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Stay Safe and Grounded: Tips for Protecting Your Farm from Lightning Damage

Did you know that 90% of all lightning damage can be eliminated if the electrical system on the farm is properly grounded?

Proper grounding is essential for any electrical system, especially on a farm where lightning strikes can have drastic consequences. Lightning can cause significant damage to electrical systems and equipment such as controllers, alarm systems, or telephone dialers, resulting in costly repairs and potential safety hazards.

When lightning strikes an ungrounded electrical system, the electrical current can travel through the system and damage equipment or even start a fire. However, when an electrical system is properly grounded, the electrical current is redirected safely into the earth, minimizing the risk of damage or danger. Proper grounding on a farm can also help protect livestock, as lightning strikes can cause harm or even death to animals. It is crucial for farmers to ensure that their electrical systems are properly grounded to mitigate the risks of lightning damage and promote safety on the farm.

Here are some tips from Auburn University on proper electrical system grounding to defend your farm from lightning strikes.

1. It is important to have a single-point ground connection at the electrical service and generator(s).

One metal rod inserted into the ground to achieve electrical grounding

2. Grounding is typically achieved using a code-approved metal rod that is driven into the ground. An “Ufer” connection to the foundation rebar can also be used, especially in areas prone to drought.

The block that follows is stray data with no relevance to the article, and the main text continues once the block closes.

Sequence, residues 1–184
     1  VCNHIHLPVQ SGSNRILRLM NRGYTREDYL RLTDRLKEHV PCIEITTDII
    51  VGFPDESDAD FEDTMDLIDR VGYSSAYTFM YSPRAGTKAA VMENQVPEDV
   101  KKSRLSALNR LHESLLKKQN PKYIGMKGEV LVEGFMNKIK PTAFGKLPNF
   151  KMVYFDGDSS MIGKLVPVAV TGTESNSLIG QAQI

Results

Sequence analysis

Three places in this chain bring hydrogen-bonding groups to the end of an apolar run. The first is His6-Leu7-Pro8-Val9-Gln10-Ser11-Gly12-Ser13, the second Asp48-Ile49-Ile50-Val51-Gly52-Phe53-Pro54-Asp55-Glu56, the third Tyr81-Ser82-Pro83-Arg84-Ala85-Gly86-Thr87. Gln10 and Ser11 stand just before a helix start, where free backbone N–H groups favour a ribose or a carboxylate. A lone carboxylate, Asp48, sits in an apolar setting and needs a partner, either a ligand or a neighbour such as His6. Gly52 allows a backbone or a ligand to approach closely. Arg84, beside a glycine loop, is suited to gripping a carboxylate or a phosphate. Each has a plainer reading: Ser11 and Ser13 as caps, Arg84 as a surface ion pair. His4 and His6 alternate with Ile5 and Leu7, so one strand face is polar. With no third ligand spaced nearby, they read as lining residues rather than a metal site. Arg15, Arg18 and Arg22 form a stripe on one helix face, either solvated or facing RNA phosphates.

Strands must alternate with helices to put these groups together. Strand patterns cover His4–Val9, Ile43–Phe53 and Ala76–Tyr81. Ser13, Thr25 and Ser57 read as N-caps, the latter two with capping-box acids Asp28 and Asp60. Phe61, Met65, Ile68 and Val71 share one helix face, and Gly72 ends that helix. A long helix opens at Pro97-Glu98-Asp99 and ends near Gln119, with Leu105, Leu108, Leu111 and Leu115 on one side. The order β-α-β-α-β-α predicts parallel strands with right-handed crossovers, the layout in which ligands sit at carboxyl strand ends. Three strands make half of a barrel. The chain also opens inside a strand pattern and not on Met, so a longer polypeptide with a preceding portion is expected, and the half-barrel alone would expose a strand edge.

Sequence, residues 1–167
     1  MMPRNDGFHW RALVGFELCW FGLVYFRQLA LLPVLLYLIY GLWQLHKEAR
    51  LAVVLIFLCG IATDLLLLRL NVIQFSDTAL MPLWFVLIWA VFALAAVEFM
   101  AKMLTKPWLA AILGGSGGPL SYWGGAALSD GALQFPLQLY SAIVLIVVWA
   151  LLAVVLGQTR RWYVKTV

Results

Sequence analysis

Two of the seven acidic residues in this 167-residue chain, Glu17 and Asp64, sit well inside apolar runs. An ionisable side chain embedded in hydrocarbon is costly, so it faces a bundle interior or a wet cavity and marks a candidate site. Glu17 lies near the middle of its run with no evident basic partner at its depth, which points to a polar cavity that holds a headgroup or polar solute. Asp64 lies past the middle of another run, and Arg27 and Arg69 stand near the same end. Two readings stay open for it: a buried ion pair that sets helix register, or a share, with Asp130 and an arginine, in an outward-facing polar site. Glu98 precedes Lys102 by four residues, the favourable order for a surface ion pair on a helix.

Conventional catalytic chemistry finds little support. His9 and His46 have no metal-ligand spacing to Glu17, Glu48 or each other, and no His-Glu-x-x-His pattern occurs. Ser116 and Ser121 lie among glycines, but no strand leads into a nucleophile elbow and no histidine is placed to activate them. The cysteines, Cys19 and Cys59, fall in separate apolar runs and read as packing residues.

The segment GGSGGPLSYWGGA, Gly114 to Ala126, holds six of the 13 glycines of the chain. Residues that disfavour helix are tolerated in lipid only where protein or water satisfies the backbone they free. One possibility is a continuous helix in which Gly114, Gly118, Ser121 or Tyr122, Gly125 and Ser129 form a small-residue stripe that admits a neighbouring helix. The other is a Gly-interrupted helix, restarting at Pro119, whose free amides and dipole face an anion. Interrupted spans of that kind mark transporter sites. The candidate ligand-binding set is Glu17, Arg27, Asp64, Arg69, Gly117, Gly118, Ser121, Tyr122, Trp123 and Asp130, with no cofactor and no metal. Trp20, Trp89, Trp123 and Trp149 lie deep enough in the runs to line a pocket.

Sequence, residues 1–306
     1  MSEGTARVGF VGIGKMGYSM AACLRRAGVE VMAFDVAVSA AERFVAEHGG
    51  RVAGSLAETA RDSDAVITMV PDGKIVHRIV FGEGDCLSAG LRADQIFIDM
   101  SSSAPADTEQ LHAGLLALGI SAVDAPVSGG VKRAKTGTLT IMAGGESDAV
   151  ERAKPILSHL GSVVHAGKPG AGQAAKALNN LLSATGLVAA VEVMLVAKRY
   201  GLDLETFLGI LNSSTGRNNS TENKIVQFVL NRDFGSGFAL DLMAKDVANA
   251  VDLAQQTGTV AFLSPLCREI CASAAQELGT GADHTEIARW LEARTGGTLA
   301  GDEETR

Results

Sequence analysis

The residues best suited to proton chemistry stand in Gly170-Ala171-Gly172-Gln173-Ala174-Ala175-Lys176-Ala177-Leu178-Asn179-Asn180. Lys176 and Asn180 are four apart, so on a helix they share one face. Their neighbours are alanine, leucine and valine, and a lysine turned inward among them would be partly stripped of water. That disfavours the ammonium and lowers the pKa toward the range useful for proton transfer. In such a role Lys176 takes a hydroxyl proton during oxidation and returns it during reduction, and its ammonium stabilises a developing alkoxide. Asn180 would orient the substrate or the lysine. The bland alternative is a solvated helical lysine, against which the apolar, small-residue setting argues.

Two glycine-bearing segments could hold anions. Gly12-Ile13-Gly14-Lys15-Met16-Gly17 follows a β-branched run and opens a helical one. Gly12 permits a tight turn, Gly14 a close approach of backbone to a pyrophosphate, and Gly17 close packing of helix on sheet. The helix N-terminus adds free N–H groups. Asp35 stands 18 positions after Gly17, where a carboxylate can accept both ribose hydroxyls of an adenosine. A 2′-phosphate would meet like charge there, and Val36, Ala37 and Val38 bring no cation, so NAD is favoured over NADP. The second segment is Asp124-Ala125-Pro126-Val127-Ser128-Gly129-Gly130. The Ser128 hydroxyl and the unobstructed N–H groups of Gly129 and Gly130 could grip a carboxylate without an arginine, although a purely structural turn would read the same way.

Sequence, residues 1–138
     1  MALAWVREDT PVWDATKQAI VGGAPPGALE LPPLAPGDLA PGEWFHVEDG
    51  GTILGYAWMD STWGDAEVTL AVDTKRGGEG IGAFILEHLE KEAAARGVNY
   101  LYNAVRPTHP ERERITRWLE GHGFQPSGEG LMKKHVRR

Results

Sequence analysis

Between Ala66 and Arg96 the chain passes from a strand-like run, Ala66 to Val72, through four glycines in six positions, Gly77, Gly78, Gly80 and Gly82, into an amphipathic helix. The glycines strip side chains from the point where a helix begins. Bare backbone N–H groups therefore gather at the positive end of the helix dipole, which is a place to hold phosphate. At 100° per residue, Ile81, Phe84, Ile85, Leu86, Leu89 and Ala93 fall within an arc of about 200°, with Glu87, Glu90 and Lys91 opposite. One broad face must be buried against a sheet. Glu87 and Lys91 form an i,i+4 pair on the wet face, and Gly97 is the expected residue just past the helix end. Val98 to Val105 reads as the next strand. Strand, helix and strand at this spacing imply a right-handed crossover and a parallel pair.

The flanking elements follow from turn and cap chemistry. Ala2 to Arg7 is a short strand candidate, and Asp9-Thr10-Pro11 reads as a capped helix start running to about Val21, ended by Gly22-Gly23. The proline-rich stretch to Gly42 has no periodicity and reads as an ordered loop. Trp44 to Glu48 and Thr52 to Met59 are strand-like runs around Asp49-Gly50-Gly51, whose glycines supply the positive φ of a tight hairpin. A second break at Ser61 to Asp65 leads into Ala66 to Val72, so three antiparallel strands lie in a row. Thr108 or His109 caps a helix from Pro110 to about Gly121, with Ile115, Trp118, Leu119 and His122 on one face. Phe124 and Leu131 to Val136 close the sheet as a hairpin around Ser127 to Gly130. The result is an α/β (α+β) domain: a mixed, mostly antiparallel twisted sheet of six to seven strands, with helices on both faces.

3. To check if your electrical system is properly ground, you should call a certified electrician who will use a ground-resistance meter to ensure electrical resistance to earth ground is not more than 25 ohms.

Two metal rods inserted into the ground to achieve electrical grounding

4. Electrical resistance to earth ground greater than 25 ohms does not offer enough protection for your electrical systems. In this case, additional ground rods should be installed.

5. Ground rods installed into the soil directly beneath the control room floor are especially likely to be inadequate. This is because the soil beneath the control room does not contain enough moisture to make good contact with the ground rod.

6. In general, ground rods should be driven straight into the ground; not at an angle.

In conclusion, proper grounding is not just an essential component of electrical safety but also critical for protecting valuable farm equipment and livestock. By taking the necessary precautions to ground their electrical systems correctly, farmers can minimize the risks of lightning damage and ensure a safer working environment on their farms. For more tips to mitigate risk in farming, follow Agribusiness Risk Underwriters on LinkedIn.

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